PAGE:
Tuesday, April 14, 2015

Microsoft Security Bulletin Release for April, 2015

Microsoft released fourteen (11) bulletins.  Four (4) bulletins are identified as Critical and the remaining seven (7) are rated Important in severity.

The updates address vulnerabilities in Microsoft Windows, Microsoft Office, Internet Explorer, Microsoft Server Software, Productivity Software and .NET Framework.  Details about the CVEs can be found in the below-referenced TechNet Security Bulletin.

For those who have had issues with .NET Framework updates, it is suggested that MS-041 be installed separately with a shut/down restart between other updates.

As part of the Internet Explorer update released today, SSL 3.0 has been disabled by default in Internet Explorer 11.

  • MS15-032 Cumulative Security Update for Internet Explorer (3038314) 
  • MS15-033 Vulnerabilities in Microsoft Office Could Allow Remote Code Execution (3048019) 
  • MS15-034 Vulnerability in HTTP.sys Could Allow Remote Code Execution (3042553) 
  • MS15-035 Vulnerability in Microsoft Graphics Component Could Allow Remote Code Execution (3046306)
  • MS15-036 Vulnerabilities in Microsoft SharePoint Server Could Allow Elevation of Privilege (3052044)
  • MS15-037 Vulnerability in Windows Task Scheduler Could Allow Elevation of Privilege (3046269) 
  • MS15-038 Vulnerabilities in Microsoft Windows Could Allow Elevation of Privilege (3049576) 
  • MS15-039 Vulnerability in XML Core Services Could Allow Security Feature Bypass (3046482) 
  • MS15-040 Vulnerability in Active Directory Federation Services Could Allow Information Disclosure (3045711) 
  • MS15-041 Vulnerability in .NET Framework Could Allow Information Disclosure (3048010)
  • MS15-042 Vulnerability in Windows Hyper-V Could Allow Denial of Service (3047234)

Additional Update Notes

  • MSRT -- Microsoft released an updated version of the Microsoft Windows Malicious Software Removal Tool on Windows Update, Microsoft Update, Windows Server Update Services, and the Download Center. 

    The updated version includes the Win32/Saluchtra, Win32/Dexter, Win32/Unskal and Win32/IeEnablerCby malware families.  Additional details ave available in the MMPC blog post.

  • Internet Explorer -- For additional information about the blocking of out-of-date ActiveX controls see the TechNet article, Out-of-date ActiveX control blocking.  Additional changes introduced this month include the blocking of outdated Silverlight.  Additional information is available in the IE Blog.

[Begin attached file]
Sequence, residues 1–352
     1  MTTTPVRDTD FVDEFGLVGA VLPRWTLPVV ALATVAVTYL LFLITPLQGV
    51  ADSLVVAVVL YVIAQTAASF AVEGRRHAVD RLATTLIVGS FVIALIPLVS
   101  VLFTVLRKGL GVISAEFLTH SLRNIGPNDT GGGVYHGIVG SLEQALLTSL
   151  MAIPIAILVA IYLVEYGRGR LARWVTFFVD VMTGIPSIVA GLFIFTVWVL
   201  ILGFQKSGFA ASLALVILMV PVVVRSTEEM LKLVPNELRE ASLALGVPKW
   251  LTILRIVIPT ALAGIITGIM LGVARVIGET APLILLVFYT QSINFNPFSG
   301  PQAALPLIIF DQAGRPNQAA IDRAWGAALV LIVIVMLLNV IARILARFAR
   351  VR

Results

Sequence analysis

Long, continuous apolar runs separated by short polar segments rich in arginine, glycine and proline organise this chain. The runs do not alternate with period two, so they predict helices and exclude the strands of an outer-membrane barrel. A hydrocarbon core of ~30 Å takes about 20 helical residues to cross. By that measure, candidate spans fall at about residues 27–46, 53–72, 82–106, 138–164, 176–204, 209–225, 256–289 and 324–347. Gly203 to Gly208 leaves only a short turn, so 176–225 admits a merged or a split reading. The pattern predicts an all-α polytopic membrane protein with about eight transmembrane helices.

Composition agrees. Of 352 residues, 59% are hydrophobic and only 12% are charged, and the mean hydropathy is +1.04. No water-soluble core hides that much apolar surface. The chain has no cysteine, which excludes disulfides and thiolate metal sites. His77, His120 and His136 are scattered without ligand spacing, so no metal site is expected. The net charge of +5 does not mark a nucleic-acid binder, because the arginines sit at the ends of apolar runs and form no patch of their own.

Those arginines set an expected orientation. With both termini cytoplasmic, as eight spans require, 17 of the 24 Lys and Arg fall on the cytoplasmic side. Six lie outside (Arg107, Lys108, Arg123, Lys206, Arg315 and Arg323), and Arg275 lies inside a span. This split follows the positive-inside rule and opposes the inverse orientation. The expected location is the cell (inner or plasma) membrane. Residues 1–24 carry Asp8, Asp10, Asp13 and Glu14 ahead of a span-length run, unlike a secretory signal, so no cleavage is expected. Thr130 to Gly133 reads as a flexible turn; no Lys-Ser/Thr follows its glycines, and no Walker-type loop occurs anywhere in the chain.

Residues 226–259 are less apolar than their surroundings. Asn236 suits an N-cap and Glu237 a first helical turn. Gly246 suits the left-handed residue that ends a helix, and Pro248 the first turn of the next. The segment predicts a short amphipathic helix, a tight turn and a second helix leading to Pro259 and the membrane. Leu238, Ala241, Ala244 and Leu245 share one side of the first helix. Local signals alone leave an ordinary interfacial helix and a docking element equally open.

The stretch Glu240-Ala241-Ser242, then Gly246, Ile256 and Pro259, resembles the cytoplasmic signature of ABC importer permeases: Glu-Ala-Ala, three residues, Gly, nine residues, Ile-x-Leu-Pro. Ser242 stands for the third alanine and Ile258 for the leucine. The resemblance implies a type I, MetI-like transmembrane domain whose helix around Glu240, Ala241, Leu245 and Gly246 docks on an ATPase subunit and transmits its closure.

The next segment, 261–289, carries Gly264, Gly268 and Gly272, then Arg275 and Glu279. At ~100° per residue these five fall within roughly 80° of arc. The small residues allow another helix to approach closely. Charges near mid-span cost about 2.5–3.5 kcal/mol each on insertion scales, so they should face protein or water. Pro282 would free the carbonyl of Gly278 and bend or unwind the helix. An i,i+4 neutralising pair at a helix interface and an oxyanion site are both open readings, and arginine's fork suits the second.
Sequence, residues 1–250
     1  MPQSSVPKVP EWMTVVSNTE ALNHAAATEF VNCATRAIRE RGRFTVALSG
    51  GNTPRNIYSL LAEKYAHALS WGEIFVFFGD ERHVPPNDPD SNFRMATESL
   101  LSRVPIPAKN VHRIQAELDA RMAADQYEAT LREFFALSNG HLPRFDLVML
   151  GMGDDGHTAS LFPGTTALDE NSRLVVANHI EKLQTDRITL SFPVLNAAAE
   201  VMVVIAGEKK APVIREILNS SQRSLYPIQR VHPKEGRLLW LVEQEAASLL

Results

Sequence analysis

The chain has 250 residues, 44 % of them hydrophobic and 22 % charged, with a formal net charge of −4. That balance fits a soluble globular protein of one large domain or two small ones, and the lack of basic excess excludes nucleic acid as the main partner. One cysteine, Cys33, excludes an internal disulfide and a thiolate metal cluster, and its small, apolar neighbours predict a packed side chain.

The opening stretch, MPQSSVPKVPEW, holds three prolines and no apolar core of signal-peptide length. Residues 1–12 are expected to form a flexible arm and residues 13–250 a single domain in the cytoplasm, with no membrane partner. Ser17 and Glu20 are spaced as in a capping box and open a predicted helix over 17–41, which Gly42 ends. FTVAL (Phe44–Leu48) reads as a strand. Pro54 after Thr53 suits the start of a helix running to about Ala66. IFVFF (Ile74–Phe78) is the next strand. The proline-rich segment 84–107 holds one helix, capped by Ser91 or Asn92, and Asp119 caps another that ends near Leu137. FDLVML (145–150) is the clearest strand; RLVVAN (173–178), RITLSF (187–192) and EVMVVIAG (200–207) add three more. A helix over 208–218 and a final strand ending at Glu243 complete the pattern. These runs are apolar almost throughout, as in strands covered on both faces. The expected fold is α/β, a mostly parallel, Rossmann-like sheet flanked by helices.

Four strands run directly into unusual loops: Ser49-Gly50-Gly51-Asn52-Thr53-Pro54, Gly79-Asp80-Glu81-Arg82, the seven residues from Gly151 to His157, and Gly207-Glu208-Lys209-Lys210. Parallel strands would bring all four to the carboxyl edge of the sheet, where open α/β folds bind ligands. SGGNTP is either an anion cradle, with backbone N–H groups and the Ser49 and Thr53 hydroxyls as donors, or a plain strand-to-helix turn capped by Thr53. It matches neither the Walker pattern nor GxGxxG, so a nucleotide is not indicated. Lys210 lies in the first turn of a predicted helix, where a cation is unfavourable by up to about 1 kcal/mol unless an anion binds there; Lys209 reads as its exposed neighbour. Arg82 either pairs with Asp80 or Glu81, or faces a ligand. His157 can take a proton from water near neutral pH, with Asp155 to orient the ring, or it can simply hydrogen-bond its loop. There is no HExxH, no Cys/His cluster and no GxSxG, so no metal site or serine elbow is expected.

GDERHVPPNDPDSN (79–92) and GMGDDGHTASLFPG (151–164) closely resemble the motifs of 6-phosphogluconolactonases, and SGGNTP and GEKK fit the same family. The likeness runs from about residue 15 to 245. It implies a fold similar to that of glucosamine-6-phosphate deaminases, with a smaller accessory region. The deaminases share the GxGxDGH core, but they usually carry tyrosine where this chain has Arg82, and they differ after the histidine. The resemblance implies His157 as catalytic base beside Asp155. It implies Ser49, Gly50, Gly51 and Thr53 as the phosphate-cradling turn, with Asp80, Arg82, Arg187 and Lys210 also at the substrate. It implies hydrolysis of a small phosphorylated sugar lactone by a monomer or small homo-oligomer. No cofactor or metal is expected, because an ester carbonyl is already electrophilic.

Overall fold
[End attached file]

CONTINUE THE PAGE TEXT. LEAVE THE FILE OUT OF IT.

• Windows 8.x -- Non-security new features and improvements for Windows 8.1 are now included with the second Tuesday of the month updates.  Additional information about this change is available here.

  • Windows XP -- Although Microsoft has stopped providing Microsoft Security Essentials for Windows XP, definitions will be available until July 15, 2015.  See Microsoft antimalware support for Windows XP.  The MSRT still works on Windows XP.


    Remember - "A day without laughter is a day wasted."
    May the wind sing to you and the sun rise in your heart...


    Anonymous said...

    Have there been any reports of having to reinstall three updates numerous times? I have three updates that reappear after a few days. They do not seem to be recognized as haveing been downloaded.

    Security Update for Windows 7 for x64-based Systems (KB3004375)

    Security Update for Windows 7 for x64-based Systems (KB3031432)

    Cumulative Security Update for Internet Explorer 11 for Windows 7 for x64-based Systems (KB3021952)

    All three show as being updated successfully but continue to show up as needing to be updated.

    Corrine said...

    My apology for the delay in responding. I missed that you had posted a comment.

    Although update history shows installed, click Status to sort by status and then look for any updates that have a status of "Failed." Right-click an update that has a status of "Failed," and then select View Details. Is there an error code displayed for that update?

    Anonymous said...


    The updates have all been installed 10 or more times successfully with no failures or error codes. The updates reappeared this morning and I had to reinstall them again this morning.

    I'm thinking it may have something to do with how these updates are registered. Perhaps my IOLO System Mechanic system cleaner is deleting the registry of these three updates.

    I'm considering hiding these updates but am not sure if the reinstalls are actually necessary.


    Corrine said...

    It seems that you've figured out the answer to the problem yourself. Modifying registry keys incorrectly can cause Windows instability, or make Windows unbootable. No registry cleaner is completely safe and the potential is ever present to cause more problems than they claim to fix. I do NOT recommend the use of registry cleaners. They do more harm than good.